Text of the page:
Beta Decay

In nuclear physics, beta decay is a type of radioactive decay in which a beta particle (an electron or a positron) is emitted from an atom. Beta decay is a process which allows the atom to obtain the optimal ratio of protons and neutrons. There are two types of beta decay: beta minus and beta plus. In the case of beta decay that produces an electron emission, it is referred to as beta minus (β−), while in the case of a positron emission as beta plus (β+). In electron emission, an electron antineutrino is also emitted, while positron emission is accompanied by an electron neutrino. Beta decay is mediated by the weak force.

Emitted beta particles have a continuous kinetic energy spectrum, ranging from 0 to the maximal available energy (Q), which depends on the parent and daughter nuclear states that participate in the decay. The continuous energy spectra of beta particle occurs because Q is shared between beta particle and a neutrino. A typical Q is around 1 MeV, but it can range from a few keV to a few tens of MeV. Since the rest mass energy of the electron is 511 keV, the most energetic beta particles are ultrarelativistic, with speeds very close to the speed of light.

Sometimes electron capture decay is included as a type of beta decay (and is referred to as "inverse beta decay"), because the basic process, mediated by the weak force is the same. However, no beta particle is emitted, but only an electron neutrino. Instead of beta-plus emission, an inner atomic electron is captured by a proton in the nucleus. This type of decay is therefore analogous to positron emission (and also happens, as an alternative decay route, in all positron-emitters). However, the route of electron capture is the only type of decay that is allowed in proton-rich nuclides that do not have sufficient energy to emit a positron (and neutrino). These may still reach a lower energy state, by the equivalent process of electron-capture and neutrino-emission.

Read more about Beta Decay:  β− Decay, β+ Decay, Electron Capture (K-capture), Nuclear Transmutation, Double Beta Decay, Bound-state β- Decay, Forbidden Transitions, Beta Emission Spectrum

Other articles related to "beta, decays, beta decay, decay":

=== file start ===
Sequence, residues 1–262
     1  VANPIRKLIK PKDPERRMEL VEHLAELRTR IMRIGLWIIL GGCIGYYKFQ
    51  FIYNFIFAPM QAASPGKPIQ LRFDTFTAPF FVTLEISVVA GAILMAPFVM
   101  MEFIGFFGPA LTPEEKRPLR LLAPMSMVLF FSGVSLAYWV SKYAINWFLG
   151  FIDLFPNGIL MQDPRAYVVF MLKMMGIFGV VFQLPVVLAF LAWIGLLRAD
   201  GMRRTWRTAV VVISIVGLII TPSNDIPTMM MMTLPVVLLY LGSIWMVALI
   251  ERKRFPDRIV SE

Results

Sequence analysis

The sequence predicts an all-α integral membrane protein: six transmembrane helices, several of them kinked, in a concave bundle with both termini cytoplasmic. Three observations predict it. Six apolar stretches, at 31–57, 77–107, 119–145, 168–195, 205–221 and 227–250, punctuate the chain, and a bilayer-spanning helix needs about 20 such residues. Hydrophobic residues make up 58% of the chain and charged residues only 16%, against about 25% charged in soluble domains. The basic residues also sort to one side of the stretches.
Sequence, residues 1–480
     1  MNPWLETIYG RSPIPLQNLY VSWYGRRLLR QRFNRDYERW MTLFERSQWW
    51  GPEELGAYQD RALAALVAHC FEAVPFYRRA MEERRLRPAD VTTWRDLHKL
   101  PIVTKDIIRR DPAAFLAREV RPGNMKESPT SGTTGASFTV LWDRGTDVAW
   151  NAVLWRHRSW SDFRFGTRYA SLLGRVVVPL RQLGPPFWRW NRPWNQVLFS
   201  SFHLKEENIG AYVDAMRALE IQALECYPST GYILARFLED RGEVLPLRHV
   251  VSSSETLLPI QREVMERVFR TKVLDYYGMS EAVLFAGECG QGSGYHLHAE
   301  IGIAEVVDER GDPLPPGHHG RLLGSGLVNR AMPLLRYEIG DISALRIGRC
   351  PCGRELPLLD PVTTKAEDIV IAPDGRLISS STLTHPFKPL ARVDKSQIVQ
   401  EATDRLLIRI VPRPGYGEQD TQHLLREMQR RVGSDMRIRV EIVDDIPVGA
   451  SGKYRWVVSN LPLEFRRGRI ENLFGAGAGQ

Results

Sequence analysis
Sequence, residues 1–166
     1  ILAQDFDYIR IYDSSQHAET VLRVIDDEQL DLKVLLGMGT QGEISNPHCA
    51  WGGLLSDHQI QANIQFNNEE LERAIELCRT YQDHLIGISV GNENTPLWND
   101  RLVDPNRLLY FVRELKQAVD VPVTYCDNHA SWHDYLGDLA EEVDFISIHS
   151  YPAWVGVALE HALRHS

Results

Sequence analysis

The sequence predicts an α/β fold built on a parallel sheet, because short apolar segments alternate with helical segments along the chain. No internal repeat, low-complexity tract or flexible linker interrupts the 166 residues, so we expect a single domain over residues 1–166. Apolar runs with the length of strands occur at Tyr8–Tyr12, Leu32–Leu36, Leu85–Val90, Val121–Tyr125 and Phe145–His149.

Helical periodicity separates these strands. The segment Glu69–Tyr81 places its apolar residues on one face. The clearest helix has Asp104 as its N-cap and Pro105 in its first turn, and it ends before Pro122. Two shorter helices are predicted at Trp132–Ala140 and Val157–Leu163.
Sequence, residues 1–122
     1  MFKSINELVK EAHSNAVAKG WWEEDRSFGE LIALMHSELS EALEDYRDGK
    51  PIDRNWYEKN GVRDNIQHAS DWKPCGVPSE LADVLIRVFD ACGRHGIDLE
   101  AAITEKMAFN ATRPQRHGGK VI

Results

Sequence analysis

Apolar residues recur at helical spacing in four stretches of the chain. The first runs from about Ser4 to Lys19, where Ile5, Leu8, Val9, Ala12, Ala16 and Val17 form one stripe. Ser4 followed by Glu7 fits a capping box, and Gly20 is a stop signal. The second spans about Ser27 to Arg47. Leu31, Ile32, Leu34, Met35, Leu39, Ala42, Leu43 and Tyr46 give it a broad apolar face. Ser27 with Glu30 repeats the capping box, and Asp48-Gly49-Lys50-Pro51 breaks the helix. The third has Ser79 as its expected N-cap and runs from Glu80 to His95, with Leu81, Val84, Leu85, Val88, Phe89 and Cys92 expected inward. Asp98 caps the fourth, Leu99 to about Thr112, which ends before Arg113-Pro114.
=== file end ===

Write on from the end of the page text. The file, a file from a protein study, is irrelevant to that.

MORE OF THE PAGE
Bk - Synthesis and Extraction - Preparation of Isotopes
... n,γ) reaction or neutron fusion) followed by beta-decay Plutonium-239 is further irradiated by a source that has a high neutron flux, several times higher than a conventional nuclear reactor, such as the ... Instead, it transforms by beta-decay into 249Bk The thus-produced 249Bk has a long half-life of 330 days and thus can capture another neutron ... Instead decays to the californium isotope 250Cf Although 247Bk is the most stable isotope of berkelium, its production in nuclear reactors is very inefficient due ...
Cowan–Reines Neutrino Experiment - Background
... through the study of electron spectra from the nuclear beta decay, it became apparent that, in addition to an electron, another particle with very small mass and ... Assuming energy conservation, this is only possible if the beta decay is a three-body rather than a two-body decay the latter produces monochromatic peak rather than a continuous energy spectrum ...
... of 8.1 hours the longest-lived isotope existing in naturally occurring decay chains is 219At with a half-life of 56 seconds ... Alpha decay characteristics for sample astatine isotopes Mass number Mass excess Mass excess of daughter Average energy of alpha decay Half-life Probability ... (the state with the lowest possible internal energy), making the former likely to decay into the latter ...
Delayed Neutron
... a fission product daughter after beta decay), anytime from a few milliseconds to a few minutes after the fission event ... Many of these fission products then undergo radioactive decay (usually beta decay) and the resulting nuclides are left in an excited state ... These usually immediately undergo gamma decay but a small fraction of them are excited enough to be able to decay by emitting a neutron in addition ...
History - The Rate of Beta Decay May Vary
... The rate of beta decay for an isotope was believed to be constant, no matter the conditions. 2012 presented data that the rate of gamma radiation - the result of beta decay - did change over time ... of neutrinos coming from the sun was affecting the rate of beta decay ...

Famous quotes containing the word decay:

    The goal of every culture is to decay through over-civilization; the factors of decadence,—luxury, scepticism, weariness and superstition,—are constant. The civilization of one epoch becomes the manure of the next.
    Cyril Connolly (1903–1974)